I serged the side seams to the ribbon which removed 1/4″ from each side and 1/2″ from the width of the ribbon.  The net addition is about 3/8″ each side; 3/4″ total. I also needed to shorten the legs.  Was very surprised because I thought I had already shortened the pattern.  I wanted a neat hem and I didn’t want to try easing the hem area higher upon the leg.  This fabric doesn’t have a lot of give.  My past experiences involving slashing off from the bottom and turning up a new hem, weren’t  always elegant.  I chose this time to apply the grosgrain ribbon to the edge of the pants (after slashing off the bottom).  Grosgrain attached nicely, turned beautifully, spread apart like bias to give the extra length needed at the upper edge of the hem (in this case the ribbon) AND wonder of wonders  grosgrain adds a perfect amount of weight to the hem!  I’ve often substituted bias tape at the hem. In the future I think I’ll stock and use grosgrain ribbon.

Most importantly what a difference in fit!

Final Fit

Instantly comfortable!  Until I put these on, I didn’t realize that the unaltered pair were too tight.  Now I knew adding that 3/4″ ease was an excellent decision. You can see kind of a forward pull at the hip along the ribbon. It’s not from lack of ease.  In fact, there may be too much ease right there and the pant slightly collapses.  IRL it is not noticeable. Also, I may need to scoop the back crotch again.  This is one of those adjustments that can vary from pattern to pattern and fabric to fabric. I don’t really mind showing I have a little shape back there, I just don’t want to outline actual private parts.  This pattern is such a winner for me.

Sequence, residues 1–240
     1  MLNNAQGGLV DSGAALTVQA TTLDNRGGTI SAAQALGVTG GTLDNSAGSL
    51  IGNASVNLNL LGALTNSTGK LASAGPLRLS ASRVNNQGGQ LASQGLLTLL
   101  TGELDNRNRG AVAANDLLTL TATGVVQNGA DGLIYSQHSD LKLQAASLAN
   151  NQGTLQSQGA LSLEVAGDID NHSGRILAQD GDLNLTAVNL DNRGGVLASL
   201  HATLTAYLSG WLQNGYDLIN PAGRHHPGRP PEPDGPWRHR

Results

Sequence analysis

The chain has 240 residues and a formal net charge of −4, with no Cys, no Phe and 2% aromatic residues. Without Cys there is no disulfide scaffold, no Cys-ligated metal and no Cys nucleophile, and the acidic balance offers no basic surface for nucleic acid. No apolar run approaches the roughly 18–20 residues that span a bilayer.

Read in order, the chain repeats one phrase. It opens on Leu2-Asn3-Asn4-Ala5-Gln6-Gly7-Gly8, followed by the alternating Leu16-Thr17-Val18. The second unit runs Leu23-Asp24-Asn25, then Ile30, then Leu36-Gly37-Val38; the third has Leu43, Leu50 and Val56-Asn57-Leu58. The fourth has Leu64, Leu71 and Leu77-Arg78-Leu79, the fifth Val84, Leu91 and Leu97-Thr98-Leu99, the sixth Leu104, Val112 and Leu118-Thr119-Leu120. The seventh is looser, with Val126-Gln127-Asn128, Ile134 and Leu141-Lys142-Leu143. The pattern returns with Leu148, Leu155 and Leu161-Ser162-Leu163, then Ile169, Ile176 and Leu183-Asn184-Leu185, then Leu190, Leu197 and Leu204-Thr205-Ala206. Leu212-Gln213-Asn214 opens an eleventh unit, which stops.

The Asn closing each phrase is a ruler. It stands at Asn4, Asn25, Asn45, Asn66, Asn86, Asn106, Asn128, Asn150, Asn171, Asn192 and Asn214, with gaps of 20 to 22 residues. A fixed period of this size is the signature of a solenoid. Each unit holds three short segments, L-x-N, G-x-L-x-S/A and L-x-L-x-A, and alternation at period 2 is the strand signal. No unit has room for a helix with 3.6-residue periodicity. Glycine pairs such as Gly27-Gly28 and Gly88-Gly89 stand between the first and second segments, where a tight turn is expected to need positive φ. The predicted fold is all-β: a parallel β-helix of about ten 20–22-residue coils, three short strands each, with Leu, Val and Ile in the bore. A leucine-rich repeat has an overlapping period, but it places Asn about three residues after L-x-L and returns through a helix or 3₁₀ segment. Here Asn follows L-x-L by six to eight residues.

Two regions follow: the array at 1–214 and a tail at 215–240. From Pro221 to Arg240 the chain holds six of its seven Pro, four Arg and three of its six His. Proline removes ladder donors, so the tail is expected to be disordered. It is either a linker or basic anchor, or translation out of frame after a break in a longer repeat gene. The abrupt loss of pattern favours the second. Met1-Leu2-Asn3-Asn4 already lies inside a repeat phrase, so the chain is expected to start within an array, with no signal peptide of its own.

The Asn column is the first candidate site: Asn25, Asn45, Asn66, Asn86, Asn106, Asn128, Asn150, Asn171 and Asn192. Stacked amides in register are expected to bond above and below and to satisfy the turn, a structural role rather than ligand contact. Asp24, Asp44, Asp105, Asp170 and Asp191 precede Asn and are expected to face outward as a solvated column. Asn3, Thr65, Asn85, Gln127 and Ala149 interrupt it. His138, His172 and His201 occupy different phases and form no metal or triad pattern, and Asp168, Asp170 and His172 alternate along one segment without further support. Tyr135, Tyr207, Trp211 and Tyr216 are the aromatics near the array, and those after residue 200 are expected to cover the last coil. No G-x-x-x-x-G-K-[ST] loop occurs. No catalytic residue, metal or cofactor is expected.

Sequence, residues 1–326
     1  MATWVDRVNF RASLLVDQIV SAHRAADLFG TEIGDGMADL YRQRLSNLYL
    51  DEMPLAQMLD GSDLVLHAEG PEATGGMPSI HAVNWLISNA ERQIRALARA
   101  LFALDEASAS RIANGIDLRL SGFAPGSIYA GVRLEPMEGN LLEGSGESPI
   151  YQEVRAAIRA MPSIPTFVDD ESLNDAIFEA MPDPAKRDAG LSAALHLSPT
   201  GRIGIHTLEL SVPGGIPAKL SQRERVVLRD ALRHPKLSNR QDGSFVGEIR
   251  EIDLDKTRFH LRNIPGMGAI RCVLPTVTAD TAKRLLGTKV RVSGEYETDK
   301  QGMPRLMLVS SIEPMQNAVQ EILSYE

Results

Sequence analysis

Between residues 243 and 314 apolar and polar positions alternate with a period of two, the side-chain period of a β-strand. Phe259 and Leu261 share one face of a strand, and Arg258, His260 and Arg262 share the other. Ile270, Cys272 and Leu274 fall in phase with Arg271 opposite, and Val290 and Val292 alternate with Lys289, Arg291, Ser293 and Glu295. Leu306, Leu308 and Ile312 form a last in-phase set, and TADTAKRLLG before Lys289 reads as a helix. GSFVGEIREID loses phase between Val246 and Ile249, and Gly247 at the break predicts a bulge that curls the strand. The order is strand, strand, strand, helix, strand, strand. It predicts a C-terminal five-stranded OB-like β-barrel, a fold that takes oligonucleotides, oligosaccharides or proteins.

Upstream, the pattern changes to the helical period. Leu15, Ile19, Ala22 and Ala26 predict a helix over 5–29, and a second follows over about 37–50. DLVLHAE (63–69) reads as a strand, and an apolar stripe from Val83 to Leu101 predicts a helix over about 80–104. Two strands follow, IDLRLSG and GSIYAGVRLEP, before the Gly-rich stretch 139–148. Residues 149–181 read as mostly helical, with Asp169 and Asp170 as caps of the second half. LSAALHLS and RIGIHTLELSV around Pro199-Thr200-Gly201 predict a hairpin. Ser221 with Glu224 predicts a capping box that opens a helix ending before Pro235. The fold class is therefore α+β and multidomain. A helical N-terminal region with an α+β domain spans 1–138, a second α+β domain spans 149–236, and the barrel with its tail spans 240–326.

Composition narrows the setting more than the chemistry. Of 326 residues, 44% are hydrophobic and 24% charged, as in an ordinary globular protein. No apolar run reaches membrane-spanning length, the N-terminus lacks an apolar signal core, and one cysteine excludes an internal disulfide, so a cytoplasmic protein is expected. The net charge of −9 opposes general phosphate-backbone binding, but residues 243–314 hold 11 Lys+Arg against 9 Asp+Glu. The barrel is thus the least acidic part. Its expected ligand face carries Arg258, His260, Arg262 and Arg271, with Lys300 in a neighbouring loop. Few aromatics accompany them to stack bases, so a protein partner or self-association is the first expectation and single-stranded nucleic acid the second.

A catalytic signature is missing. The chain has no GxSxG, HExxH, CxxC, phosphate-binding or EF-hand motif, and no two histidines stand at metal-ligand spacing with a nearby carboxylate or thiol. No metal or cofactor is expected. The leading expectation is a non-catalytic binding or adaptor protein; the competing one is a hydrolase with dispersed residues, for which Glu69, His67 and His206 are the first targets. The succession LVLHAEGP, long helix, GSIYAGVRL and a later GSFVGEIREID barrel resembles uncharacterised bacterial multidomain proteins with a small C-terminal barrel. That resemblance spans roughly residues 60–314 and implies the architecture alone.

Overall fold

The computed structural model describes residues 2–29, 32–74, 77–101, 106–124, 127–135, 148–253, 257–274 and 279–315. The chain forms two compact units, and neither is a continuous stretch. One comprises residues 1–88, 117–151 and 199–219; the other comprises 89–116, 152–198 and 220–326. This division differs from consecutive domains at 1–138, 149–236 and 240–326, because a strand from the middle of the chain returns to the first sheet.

Burda 2011_02_136 The thing that drives us away from sewing

More than fit is the fact that you can’t depend upon achieve the same fit from the same pattern. This is the same pattern as I used with the previous pair the difference being fabric.   The first pair was constructed of a woven with 1% Lycra.  I had to sew the wider seams to achieve the desired fit.  The pattern is designed for woven, not knit, or woven-with-stretch, but woven pant weight fabric.  It’s not unreasonable that the first pair (fabric-with-stretch) needed wider seams.  It is unreasonable that this pair constructed with the designated fabric is too tight. Too tight when standing and knee-constricting when sitting down.  Not sure that this pair is salvageable, so I proceeded to another fabric, a nice silk/cotton again no-stretch.  I added 1/2″ ease to both the front and back pieces.  That adds 2″ ease across the torso, 1 ” for the legs.  Much better:
Now the 3 pictures above are from the first fitting. I’ve added belt loops to this version. I changed to using Louise Cuttings waistband elastic, one of the most wonderful products and which I don’t find on her web site.  (I may regret not buying 20 yards of this stuff when I had the opportunity.) It is different.  Her elastic is more comfortable to wear and slightly softer.  Generally the elastic does relax just a bit, moving slightly downwards on your torso and of course taking your pants with it.  I wanted to use her elastic and decided to add the belt loops to this version.  As you can see, I’m going to need a belt.  The pants are dropping slightly, which creates the knee and ankle fluff in front, the drag lines on the side and back.  All that disappears when the pant rear is pulled up.  I may need to scoop just another 1/4″.  What gravity does to a woman’s butt is terrible.

I’m much happier with my front finish:
I may need to move the inside button over just a little bit.  I also need to dig out the instructions for Loes Hinse 5001 European pant and read her finishing instructions.  I understand now why so many of the members of Stitchers Guild just raved about the European pant.  You don’t need to do all the things I did. You don’t have to make buttons, add a zipper or belt loops.  If you don’t do those things, it sew up nearly as fast as the famous CLD One Seams. Honest!  One-seams need the inseams sewn, the crotch sewn and the attached waistband stitched down.  For these add the side seams, maybe 5 extra minutes…
or go hog-wild with the extra touches and make a fantastic pair of pants.